Rick and David wearing this week's fashionable gliding attire
Phil and Rick discussing tactics.
"Angels with dirty faces" No, just Rick at the end of a long day

Steve  

  


Dartmoor Gliding News-Monday 29th May 2017

For those of you that may have read the blog for Saturday will understand when I say while traveling to the club I felt a sense of deja vu. Visibility was down to 100m and less in some places with the forecast that it should lift early afternoon. The question is would it and would we fly.

On arrival at the club at 08:30 I saw Mike Bennett already at work cutting grass near the gate. Would more members turn up? By 09:30 there was 6 of us at the club, 1st job, change ends in anticipation of flying.
Next list of jobs to tackle, Grass cutting, a job that seems never ending now our farmer no longer has sheep and at this time of year it is growing so fast. Someone to drive the tractor and grass cutter, step forward fellow instructor Peter Howarth.

View from the tractor cab
Peter on his final cut before lunch, Cloud base still a little low.
Next job - bearings need changing on ML2, step forward David Bourchier and Barry Green.

Barry and David working on removing the bearings
Next task - grass cutting around the trailers, step forward Mike Bennett and myself.

Mike making good progress through the grass.
And last ( but definitely not least) - Heather who decided to continue her ever ending battle to keep the club house clean and tidy.

Heather working on the Hangar Apron
Once Heather had finished in the club house she decided to turn her attention to cleaning the hangar apron.

So, did we fly? The cloud base had lifted and at lunch time Callum Doyle arrived and while we were enjoying our lunch we decided to get one glider out and go flying for the afternoon.

Mike keeping a good look out
View of the airfield.
Everyone that wanted to fly did and at the end of the day it was time to put HXP back in the hanger and close the door on the day.

A big thankyou to the members that turn up and for all the hard work that was done in the morning followed by a successful afternoons flying.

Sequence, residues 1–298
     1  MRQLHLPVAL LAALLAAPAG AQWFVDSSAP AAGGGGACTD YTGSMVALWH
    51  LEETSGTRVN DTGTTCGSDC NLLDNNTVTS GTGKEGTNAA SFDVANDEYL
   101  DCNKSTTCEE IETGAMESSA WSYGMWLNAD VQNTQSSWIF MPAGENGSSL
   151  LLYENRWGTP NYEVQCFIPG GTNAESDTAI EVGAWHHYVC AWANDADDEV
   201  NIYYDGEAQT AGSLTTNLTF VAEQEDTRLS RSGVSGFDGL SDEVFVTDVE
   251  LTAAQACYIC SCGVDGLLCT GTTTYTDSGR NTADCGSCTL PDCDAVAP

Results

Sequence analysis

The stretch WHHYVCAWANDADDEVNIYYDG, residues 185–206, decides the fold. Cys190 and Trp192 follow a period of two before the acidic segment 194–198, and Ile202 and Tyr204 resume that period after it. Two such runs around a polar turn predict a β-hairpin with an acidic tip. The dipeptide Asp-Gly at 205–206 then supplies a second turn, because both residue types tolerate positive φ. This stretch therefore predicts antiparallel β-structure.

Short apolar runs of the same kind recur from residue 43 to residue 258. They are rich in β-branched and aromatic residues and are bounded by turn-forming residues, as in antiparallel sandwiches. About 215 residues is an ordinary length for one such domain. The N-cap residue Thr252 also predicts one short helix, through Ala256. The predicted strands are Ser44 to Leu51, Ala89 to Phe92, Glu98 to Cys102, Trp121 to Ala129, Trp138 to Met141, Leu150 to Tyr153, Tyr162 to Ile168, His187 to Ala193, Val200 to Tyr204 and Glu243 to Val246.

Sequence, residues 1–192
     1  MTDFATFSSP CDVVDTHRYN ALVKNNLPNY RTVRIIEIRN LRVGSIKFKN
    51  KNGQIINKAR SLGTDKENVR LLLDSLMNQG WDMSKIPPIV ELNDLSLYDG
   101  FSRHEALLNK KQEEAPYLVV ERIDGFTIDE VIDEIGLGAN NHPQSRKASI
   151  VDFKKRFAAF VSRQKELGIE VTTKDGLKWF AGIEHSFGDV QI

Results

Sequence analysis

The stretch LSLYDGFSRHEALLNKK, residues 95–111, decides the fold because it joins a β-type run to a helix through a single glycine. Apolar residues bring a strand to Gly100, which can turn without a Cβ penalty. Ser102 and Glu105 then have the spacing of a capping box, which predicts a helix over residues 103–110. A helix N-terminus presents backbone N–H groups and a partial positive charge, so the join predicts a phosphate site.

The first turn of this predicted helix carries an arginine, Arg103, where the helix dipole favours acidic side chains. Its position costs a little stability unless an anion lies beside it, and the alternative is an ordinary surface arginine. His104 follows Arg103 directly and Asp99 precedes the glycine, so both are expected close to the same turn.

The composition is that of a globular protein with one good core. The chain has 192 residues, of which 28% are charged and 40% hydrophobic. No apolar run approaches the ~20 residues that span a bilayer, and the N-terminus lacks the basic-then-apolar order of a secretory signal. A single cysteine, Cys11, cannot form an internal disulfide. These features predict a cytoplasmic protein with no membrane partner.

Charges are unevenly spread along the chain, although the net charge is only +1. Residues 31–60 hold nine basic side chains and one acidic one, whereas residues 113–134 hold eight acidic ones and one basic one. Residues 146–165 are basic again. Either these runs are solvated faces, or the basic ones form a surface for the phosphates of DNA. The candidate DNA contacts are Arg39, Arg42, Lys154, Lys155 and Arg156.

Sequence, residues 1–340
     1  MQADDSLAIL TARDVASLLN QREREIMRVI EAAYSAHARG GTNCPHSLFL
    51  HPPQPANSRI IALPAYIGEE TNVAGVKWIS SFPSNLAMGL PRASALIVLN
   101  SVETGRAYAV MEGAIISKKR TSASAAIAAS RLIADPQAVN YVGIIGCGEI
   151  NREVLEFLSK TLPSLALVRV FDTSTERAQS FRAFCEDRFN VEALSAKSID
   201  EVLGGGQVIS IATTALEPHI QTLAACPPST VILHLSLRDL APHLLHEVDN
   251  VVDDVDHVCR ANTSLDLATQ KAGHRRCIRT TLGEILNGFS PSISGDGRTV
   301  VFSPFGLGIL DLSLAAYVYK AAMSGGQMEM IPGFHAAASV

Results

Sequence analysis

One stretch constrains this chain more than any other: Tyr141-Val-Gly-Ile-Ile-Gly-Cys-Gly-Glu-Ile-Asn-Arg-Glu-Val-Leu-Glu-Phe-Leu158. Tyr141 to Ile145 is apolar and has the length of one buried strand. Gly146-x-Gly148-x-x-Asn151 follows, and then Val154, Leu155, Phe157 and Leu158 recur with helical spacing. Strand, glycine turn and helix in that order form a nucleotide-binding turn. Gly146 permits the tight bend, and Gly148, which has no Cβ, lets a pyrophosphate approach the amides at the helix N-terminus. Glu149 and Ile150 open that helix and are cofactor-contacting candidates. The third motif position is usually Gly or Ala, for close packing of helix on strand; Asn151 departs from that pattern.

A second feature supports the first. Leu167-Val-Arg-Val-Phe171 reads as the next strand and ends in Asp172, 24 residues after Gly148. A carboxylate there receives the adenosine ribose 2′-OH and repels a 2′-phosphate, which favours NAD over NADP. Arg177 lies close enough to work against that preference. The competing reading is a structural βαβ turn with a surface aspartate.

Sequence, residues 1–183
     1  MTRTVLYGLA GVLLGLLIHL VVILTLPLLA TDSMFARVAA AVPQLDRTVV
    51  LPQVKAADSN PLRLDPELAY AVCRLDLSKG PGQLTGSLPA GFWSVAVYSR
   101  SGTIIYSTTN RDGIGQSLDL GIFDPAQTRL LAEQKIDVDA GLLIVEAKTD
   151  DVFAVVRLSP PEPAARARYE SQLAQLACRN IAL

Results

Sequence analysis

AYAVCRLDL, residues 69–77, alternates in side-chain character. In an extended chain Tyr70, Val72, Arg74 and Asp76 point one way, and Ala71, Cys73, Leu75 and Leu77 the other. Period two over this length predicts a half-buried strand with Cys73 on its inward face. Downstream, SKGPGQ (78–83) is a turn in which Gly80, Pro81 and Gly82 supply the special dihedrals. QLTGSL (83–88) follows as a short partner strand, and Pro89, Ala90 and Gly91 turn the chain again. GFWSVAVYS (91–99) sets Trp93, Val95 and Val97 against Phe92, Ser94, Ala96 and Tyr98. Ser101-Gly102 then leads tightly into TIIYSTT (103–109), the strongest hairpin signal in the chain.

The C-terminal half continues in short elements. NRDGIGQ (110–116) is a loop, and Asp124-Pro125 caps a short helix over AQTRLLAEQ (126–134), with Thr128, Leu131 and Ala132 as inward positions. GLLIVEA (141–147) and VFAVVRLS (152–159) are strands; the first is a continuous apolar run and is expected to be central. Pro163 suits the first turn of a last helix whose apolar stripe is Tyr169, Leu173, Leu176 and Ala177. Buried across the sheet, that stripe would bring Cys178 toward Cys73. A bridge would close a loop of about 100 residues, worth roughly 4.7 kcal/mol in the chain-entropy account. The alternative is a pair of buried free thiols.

HXP on its way back after flying

Rick

Dartmoor Gliding News-Sunday 28th Mat 2017

As we took the hurdle fence down, and the windsock was yet to declare its hand, the conversation was not about whether it was going to rain, but when. The BBC forecast for Tavistock had a black cloud at 1200, the Met Office F215 showed a warm front approaching from the S at 2:30pm whilst MeteoGroup gave T&L from 4pm onwards. Some well-informed members may have used this information to support their decision to stay away. Others, less well blessed (with decision making powers, not information) found themselves at the airfield taking the hurdle fence down…

Orographic cloud extending from Sheep’s Tor (right of photo) to Princetown (mast at left) and beyond.
As already stated, the wind took its time to settle into the predicted light SE’ly, by which time we had changed ends and Pete Howarth had already given Richard Brannan, our One Day Course student, his first couple of flights. Fleeces and gilets were then exchanged for T-shirts as the sun heated the atmosphere and Paula Howarth put the K-8 on-line for its first foray, clear blue sky giving way to an interesting variety of clouds that moved in from the SE. Rich Brennan deciding to give up three of his ODC flights to brother Steve, (hence photos showing both) we then used the K-13 for club trainees, including Charlotte Duffy, our latest Junior member.

Today’s One Day Course student was Richard Brennan, from Yorkshire
Richard’s brother Steve (from Crediton) also flew with Pete Howarth.
At which point a certain reluctance was noticed in the vario needle’s indication of ‘down’… Well, it was certainly noted by Roger Appleboom who, winch driving duties completed, elbowed his was to the head of the single-seater queue and, being flung into the air in the K-8, connected with weak wave in the valley to the N of the airfield for a very rewarding 31 mins to a ceiling of “somewhere between 2,500ft and 3,000ft” (as a graduate of Denbigh Gliding, accuracy of analysis is everything with Roger…).

Roger Appleboom about to pilot the K-8 into an ‘interesting’ sky…
He was quickly followed by Rich Roberts with his F&F guest Chris Hooper in the K-13 who also managed to find the wave running N-S over the west end launchpoint for half an hour, to 2,000ft+.

Chris Hooper, who flew F&F with Rich Roberts.
As the afternoon drew on the ‘interesting looking’ clouds had become more layered and uniformly grey, although there remained some dramatic rotor and finger-like orographic shapes beneath the higher sheet. This did not prevent Martin Cropper with his F&F guest, Josh Gruitt, from taking to the skies, however, in the event blundering from 6 down to ½ up in three dismal attempts to impress/connect, none of which were successful..!

Josh Gruitt, who was Martin Cropper’s F&F guest.
As we replaced the hurdle fence and shut the hangar doors there was still, save a few spots, no rain, hail or thunder - and indeed so it remained as afternoon turned into a warm and pleasant evening. For the well informed but weak willed team at Brentor today the weather cards ran in their favour, enabling them to experience thermal (Pete Howarth) wave (the aforesaid Roger and Rich) and disappointment (MC!) All of which served, if nothing else, to prove the old adage: never cancel a day’s flying due to the weather forecast!

Thanks go to Roger Appleboom and Pete Howarth for winching (and training) and to Josef Nobbs for more than capably hosting our visitors (and anyone else who came into view…)

Martin Cropper